Kevin Prufer’s terrific fourth collection exposes a nightmare straight from the head of Walt Whitman. In it, America sings a democratic song of distress, with no one, or thing, denied suffering or a voice: not the moon, nor minor politicians, shopping centers or the book’s most prevalent speaker, an ‘I’ without biography, who transcribes societal and environmental break-down via tropes suggestive of the post-apocalyptic scenarios of Mad Max and television’s “Jericho,” of the conquer-n-collapse history of the Roman age.  —Dana Levin

from The Antioch Review…
Clearly, National Anthem confirms, once again, that Prufer's voice is one of the most original and powerful of his generation.  —Jane Satterfield

from The Georgia Review
These are political poems, but unlike many other contemporary poems, they are not limited by circumstance. Instead, they are visionary.  —Judith Kitchen

from Colorado Review
A beautiful poetry…like the best love songs, the poems in this book are absolutely fearless, and demand respect—fearless because they promise to be the voice of a people, demanding respect because they succeed.  —David Doran

from Prairie Schooner
If the dark prospect portrayed in National Anthem strikes us as grim and worrisome, then perhaps, like old Ebenezer Scrooge, we had best commit ourselves to altering these shadows of "things to come" before they unfold themselves to our peril. This, after all, is why we have poets—and why we need them.  —Stephen Behrendt

from Oxford American
[From "Ten Great Novels of the Apocalypse [and one book of poems]": And here, for good measure, is one last book, which missed the above list only because it is not a novel: National Anthem by Kevin Prufer (apocalypse by enjambment): This is the one (good) post-apocalyptic poetry collection I know. There are no hands rising from the soil here, no horror-movie contrivances, but even the most naturalistic poems seem touched with a terrible wreckage, as if everything were occurring after the world had been torn to pieces. The opening lines of "We Wanted to Find America" are representative of the book's tone of frightening moss-lit elegy:

We wanted to find America through the gasps of snow that fell like last century's angels—
And the starving horses, their shanks brittled over with ice—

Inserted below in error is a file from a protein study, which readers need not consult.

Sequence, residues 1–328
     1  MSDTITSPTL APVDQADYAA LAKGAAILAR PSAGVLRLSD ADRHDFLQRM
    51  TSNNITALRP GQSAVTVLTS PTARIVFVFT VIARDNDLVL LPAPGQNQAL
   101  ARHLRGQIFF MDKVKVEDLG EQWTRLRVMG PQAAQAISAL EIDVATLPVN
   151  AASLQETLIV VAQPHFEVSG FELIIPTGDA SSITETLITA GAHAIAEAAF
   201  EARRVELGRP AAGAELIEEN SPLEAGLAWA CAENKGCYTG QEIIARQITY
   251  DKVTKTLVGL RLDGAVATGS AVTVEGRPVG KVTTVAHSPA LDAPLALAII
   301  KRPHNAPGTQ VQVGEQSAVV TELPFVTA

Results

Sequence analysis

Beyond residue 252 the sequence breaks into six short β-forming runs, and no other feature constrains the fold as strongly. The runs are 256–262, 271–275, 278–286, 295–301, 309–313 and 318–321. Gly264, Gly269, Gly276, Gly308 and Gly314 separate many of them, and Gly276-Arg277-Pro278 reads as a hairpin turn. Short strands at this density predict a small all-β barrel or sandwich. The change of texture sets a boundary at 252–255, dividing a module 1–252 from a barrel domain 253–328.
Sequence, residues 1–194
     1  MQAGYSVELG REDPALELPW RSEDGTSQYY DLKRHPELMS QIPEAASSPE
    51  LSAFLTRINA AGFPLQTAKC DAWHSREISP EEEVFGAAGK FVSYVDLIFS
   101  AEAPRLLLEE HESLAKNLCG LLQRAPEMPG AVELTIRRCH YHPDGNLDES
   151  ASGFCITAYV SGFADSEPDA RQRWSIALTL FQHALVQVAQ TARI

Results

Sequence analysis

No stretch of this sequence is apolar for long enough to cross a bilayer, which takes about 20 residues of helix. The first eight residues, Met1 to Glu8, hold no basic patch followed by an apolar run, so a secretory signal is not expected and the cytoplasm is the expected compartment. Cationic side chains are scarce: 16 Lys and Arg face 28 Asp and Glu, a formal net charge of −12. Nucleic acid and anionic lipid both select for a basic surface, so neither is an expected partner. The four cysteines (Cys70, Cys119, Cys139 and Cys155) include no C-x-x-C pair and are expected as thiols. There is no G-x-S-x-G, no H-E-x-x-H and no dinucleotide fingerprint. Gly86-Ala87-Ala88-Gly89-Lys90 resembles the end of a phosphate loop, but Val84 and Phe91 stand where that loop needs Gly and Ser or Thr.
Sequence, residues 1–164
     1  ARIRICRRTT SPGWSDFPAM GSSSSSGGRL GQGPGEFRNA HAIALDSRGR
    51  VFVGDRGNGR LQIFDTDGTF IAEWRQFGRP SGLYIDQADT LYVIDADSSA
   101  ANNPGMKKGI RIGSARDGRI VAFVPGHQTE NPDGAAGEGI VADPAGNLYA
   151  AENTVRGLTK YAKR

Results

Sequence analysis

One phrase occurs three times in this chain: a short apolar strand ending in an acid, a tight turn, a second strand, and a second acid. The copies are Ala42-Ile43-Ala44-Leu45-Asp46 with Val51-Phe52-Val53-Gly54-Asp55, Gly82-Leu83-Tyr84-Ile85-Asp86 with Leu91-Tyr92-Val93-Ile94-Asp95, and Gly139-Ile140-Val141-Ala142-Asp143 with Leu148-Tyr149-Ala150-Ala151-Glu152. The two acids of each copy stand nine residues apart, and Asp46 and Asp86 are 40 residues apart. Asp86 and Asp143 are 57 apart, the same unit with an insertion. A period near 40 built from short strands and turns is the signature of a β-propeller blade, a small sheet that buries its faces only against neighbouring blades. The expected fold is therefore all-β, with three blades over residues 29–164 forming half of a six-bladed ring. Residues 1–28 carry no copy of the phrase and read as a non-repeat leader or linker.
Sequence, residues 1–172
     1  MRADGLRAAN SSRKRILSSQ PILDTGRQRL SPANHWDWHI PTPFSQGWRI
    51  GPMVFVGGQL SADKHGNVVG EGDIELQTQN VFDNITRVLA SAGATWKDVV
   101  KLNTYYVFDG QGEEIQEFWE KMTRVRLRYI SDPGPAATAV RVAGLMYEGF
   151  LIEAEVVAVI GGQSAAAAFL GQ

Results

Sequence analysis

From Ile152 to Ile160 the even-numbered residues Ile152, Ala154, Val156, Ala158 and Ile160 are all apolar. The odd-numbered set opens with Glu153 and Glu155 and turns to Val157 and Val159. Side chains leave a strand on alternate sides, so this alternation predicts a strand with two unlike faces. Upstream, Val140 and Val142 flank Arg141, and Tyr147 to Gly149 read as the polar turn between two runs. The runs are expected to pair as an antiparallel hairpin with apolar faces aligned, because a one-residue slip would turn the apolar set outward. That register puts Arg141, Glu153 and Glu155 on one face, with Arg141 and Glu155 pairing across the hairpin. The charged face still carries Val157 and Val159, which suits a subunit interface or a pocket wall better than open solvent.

And the moon atop its brilliant derrick, and the poor burning so beautifully in the oilfields.
As we drove, their cries lit the wind with wailing
 and you said, This isn't America into the truck's dark cab and turned the radio loud.
                                                —Kevin Brockmeier

from Contemporary Poetry Review
I hope to be alive in the year 2038 (I don’t ask for 2048) and I hope to be living an American life in which we still have our well-stocked supermarkets, and our rooms full of books, a life in which we are not divided into tribes desperately fighting to survive in the junkyards and ruins left by the collapse of empire, and I hope to then pick up National Anthem and smile at its quaintness, its fever-dream exaggerations of solvable problems ... be amused by its presumption that we today endure the ultimate in deracination and alienation. But I think, and fear, that National Anthem—delving as it does into the caverns below hipness—has a much better chance of ringing true to those serious readers whom I keep trying to believe in and who go by the name of posterity.   —Mark Halliday   

from American Book Review
Prufer's complex and utterly beautiful National Anthem haunts and proclaims in subtle ways that recover the possibility of the American epic for a millennial and skeptical generation ... It is this care for clearly ringing music, more hymnal than conversational, and the patterns of complex and intricately resonent motifs, of snow, of ash, of the moon burning or falling like a bomb, of bare skulls and the light shafting through their excavation, which make the best argument that National Anthem is much more than an otherwise sly wink from a generation looking for America.  —Lynnell Edwards

from Indiana Review
National Anthem is a collection of love poems to both the infinite and the infinitesimal. They are transformations at the most beautiful: an ever-expanding universe squeezed into a teacup, an entire cosmology fit into a mechanical bird's heart.  —Ryan Teitman